I say that we don’t yet know how effective this is going to be, because I have no clue as to whether the constitutionalist insurgency is adequately prepared to put up any sort of organized resistance to a coordinated purge effort. Though, by every reasonable account, the insurgency outnumbers the establishment by about a 7-to-3 margin within the Michigan Republican delegation pool, it’s a rare occasion when the establishment loses a primary or convention contest worth discussing. This is most likely because the establishment power-brokers know how to work as a team, while of late the insurgency leadership cannot seem to get past inter-factional urinating competitions.

Nor, as I observed earlier, does the insurgency seem to grasp the concept of properly bankrolling their candidates for office. Prime evidence of this is that Dave Agema is struggling to keep his PAC (Top Gun Conservatives) properly funded, yet his supporters in the insurgency seem to insist on sitting on their checkbooks. In contrast, the establishment reelection team in Michigan has bankrolled at least four consulting firms (to the tune of $1,000,000 each, so I’m told) specifically so that they could retain a full time staff (combined total of between 30 and 36) . . . for the sole purpose of recruiting precinct delegate candidates to silence as many grassroots voices as possible at the next three state conventions (specifically including the one at which Dave Agema will have to stand for reelection). Again, underfunded equals vulnerable.

And if you think for one minute that any particular tea party darling, once elected, is immune to the influence of money, then let me direct your attention to a certain libertarian republican currently sitting in the congressional seat once occupied by Jerry Ford, and most recently held by Vern Ehlers. Back in May of 2012, when the grassroots and establishment were headed for a Showdown in Motown, a certain “tea party standard bearer” had endorsed the tea party challenger to an incumbent whose comeuppance was long overdue. In doing so, he joined a list of endorsers that would better than double in the intervening two weeks before the state convention (including a certain other congressional candidate who’s also quite popular with the liberty-minded crowd), and provide rock-solid evidence that the constitutionalist insurgency in Michigan is perfectly capable of working as a cohesive unit.

That was then, this is now. If there have been any similar cohesive operations amongst the insurgency in the intervening two years, then I’ve seen precious little evidence of it. What I have seen, to be frank, is the blueblooded elites in the establishment do a marvelous job of getting the grassroots insurgency to fight itself (when they don’t have them bought-and-paid-for to begin with). If you need a reminder, then let me provide you with a few:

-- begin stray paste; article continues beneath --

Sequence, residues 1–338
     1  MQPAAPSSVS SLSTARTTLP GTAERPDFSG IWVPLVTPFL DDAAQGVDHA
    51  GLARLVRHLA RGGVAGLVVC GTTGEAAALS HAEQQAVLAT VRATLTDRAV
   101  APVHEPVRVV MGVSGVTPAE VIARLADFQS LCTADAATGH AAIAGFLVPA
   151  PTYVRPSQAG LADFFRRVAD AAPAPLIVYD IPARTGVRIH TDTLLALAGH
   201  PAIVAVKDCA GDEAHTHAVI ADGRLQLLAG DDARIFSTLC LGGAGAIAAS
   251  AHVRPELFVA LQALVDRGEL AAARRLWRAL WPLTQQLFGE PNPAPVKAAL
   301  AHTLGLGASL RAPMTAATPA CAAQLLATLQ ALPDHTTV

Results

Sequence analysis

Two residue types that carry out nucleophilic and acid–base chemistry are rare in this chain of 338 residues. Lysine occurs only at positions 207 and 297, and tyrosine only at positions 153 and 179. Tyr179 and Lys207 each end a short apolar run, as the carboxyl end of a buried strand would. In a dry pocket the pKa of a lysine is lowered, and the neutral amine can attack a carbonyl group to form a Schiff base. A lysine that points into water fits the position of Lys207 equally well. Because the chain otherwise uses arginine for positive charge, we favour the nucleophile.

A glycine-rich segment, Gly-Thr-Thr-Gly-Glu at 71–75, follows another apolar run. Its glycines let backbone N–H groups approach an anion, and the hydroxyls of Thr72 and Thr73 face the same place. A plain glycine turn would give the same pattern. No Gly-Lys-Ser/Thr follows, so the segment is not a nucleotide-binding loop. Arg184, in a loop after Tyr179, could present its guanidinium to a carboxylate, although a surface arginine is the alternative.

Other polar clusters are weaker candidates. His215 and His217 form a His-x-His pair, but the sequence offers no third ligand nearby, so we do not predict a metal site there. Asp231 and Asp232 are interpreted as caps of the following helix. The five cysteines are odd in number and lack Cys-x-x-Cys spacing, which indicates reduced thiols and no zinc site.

• What was never made public knowledge regarding the Michigan Healthcare Freedom Initiative (2010 ballot proposal), but which I learned during the spring of 2012, was that the MIGOP used the proposal as a voter-identification data-mining exercise. All of those petition pages that had the state party logo on them? Yeah, T.P.T.B. didn’t turn any of them over to the Michigan Citizens for Healthcare Freedom . . . but rather sat on them as a way to upgrade their contact database. Why secretly kill something that was a rallying point for an active and energized grassroots base? Does Medicaid Expansion ring any bells?
  • In September of 2012, a certain influential tea party leader from Northern Michigan received a phone call from a certain high-ranking elected official, literally the morning of the state convention, offering a deal that was just too good to pass up. All the tea party leader had to do was withdraw as Judge Markey’s nominator. (And I have five witnesses to the convention-floor conversation that said tea party leader had with said judge, who will happily speak on the record, should I decide that I’ve nothing better to do with my time than take down a pawn.) The end result was a chief executive with some political capital to spend, as a result of being fortunate enough to be the one in office when a thirty year public discussion – capped by a four-year, all-grassroots effort – actually paid off.
  • Even though support for the Michigan Tax Limitation Amendment (Proposal 12-5) should have been a housekeeping vote at the September 2012 MIGOP State Convention, T.P.T.B. within the MIGOP couldn’t be bothered to put a resolution supporting the proposal before the convention delegation for a floor vote. Even though initial public support for the proposal was high enough for passage, the lack of political support that the “party of fiscal conservatism” could have provided, coupled with the open assault by the GoverNerd, was enough to kill it at the polls on Election Day. Said open assault included dumping a truckload of red herrings along the campaign trail, enough to bring multiple county parties, district leadership organizations, and tea party leaders onboard the “privately funded bus tour” for the specific purpose of causing enough internal division within the insurgency to take any wind out of the sails the proposal had pre-convention. By the way, after taking a look at Senate Bill 791 and Senate Bill 934, how do you suppose that “no on five” is working out these days?
  • Recall that one of the major themes during 2010, on the old version of this site, was the necessity of killing Proposal 10-1, the state constitution convention question mandated every 16 years by Article XII § 3 of the Michigan Constitution. The matter was serious enough then that the 2010 MIGOP State Convention actually conducted a floor debate on the question (and the floor resolution to oppose passed all but unanimously). Yet, because some radio talk jockey who’s popular with the tea party movement wrote a book, all of a sudden, a sizable chunk of the tea partiers in Michigan are all gaga over Senate Joint Resolution V (2013), as though calling for a convention of the states is going to provide us with any better outcome than a state constitution convention would.